I thought the defense made progress yesterday as it sacked Ryan Nassib four times and forced two turnovers (think Collaros might have produced points on two drives that began at the SU 44 yard line?). Syracuse finished with a pedestrian 262 yards of total offense. But there are obvious weaknesses. The safeties have struggled this season and the 'Cats still need to get more of a pass rush from their front four (only one of Saturday's sacks was by a lineman). Don't be surprised if tight end Travis Kelce pulls a Connor Barwin and moves to defensive end when he returns from his suspension next year.
"The mark of good football programs is that you win together and you suffer through adversity together," Coach Jones said. "That's what we're fighting right now. But you learn a lot about yourselves in the face of adversity. Nobody is going to quit here. We're going to keep working and building."
Building is the key word. In the last few years, the UC football program has attracted record crowds, improved its facilities, and won championships. Nobody is happy with a 3-5 record, but there's no reason to think that this program can't continue to be one of the best in the Big East.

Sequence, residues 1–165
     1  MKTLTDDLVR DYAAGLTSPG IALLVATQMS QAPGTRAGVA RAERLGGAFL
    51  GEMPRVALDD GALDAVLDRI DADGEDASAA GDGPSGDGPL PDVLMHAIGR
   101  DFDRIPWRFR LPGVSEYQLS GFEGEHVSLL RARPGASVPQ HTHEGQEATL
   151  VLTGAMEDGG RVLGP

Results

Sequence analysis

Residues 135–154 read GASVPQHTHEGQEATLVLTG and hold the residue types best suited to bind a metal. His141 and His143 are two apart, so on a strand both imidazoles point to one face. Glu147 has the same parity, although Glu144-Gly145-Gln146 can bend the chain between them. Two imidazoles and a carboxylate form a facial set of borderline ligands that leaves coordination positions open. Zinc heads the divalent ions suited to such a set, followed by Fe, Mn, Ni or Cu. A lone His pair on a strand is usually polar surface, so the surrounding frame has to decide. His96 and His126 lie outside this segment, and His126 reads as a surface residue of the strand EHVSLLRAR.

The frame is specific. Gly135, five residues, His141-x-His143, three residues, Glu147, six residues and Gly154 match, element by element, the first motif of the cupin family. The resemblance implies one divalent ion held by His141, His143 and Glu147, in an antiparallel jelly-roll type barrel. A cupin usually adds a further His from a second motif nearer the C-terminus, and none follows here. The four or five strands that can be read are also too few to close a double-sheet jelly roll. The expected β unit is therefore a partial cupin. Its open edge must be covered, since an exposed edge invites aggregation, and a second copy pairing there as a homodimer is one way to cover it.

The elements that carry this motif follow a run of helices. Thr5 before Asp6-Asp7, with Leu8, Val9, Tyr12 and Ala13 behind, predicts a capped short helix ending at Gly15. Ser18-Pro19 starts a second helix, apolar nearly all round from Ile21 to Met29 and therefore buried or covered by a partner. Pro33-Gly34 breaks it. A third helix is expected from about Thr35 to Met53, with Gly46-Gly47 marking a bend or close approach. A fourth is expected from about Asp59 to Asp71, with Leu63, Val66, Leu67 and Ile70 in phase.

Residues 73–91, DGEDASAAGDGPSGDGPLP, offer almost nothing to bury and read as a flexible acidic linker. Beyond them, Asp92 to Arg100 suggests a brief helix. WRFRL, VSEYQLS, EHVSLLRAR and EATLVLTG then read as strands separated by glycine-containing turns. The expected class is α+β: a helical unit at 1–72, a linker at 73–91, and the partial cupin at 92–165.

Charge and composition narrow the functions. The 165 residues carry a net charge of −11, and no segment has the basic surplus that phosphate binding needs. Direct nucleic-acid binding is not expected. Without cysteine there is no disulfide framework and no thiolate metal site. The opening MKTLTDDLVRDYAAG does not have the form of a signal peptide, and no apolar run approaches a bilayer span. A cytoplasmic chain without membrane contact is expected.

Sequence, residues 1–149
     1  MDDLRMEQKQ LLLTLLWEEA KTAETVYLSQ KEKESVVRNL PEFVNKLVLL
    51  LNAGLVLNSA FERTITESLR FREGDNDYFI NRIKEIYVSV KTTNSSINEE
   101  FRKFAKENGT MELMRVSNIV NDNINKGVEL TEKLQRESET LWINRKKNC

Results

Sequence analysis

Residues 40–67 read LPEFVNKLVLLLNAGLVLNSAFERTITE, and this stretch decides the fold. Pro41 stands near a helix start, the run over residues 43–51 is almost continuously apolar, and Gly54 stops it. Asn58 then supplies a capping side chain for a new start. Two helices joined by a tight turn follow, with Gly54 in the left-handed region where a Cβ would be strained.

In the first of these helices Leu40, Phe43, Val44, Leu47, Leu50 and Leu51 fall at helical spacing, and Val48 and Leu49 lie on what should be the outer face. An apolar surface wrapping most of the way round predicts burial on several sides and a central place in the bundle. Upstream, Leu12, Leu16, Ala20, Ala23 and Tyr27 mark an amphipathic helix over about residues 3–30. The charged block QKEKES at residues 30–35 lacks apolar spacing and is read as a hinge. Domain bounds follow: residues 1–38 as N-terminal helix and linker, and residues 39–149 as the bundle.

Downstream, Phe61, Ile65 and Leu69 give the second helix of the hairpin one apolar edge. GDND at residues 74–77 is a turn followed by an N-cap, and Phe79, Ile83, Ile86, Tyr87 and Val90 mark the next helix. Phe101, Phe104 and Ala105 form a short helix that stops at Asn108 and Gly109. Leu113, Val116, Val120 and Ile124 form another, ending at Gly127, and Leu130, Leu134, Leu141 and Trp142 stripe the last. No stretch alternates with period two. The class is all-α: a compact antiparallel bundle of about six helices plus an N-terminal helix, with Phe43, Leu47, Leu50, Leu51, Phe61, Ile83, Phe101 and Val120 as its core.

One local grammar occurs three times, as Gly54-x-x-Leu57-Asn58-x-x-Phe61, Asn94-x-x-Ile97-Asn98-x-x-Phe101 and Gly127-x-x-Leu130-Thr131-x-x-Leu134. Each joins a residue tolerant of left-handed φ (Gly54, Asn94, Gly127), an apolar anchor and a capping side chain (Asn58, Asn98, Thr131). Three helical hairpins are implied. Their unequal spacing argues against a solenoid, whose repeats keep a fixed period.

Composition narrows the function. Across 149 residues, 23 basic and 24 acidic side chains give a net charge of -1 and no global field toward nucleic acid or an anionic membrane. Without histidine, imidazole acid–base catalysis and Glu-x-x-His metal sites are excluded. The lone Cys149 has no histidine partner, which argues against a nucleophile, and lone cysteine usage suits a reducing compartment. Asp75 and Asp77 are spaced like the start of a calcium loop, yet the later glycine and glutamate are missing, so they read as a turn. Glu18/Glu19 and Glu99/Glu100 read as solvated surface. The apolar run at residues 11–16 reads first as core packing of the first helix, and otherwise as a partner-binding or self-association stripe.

In other words, the dark ages are ancient history.
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UC loses three costly turnovers to drown out the positives on Saturday against Syracuse.
CINCINNATI -- The Bearcats needed to create turnovers.
A Reuben Johnson interception and John Hughes fumble recovery equaled two more than UC managed the previous four games.
The Bearcats needed to pressure Ryan Nassib.
Four sacks doubled the most this season.
The Bearcats needed to stop the Syracuse rushing attack.
Delone Carter and Antwon Bailey averaged 3.3 yards a rush through the first half.
On a day when many boxes on the game plan received a check mark, in the end, those meant very little.
Three plays set the mood of Homecoming. Three plays erased the positive strides of 10 times as many others. Three plays placed 31-7 on the Nippert Stadium scoreboard..
UC's two fumbles and interception led to 17 Syracuse points. In a game hinging on field position and ball control with backup quarterback Chazz Anderson managing the offense in absence of Zach Collaros, those turnovers stood for more than even the 17 points they transformed into.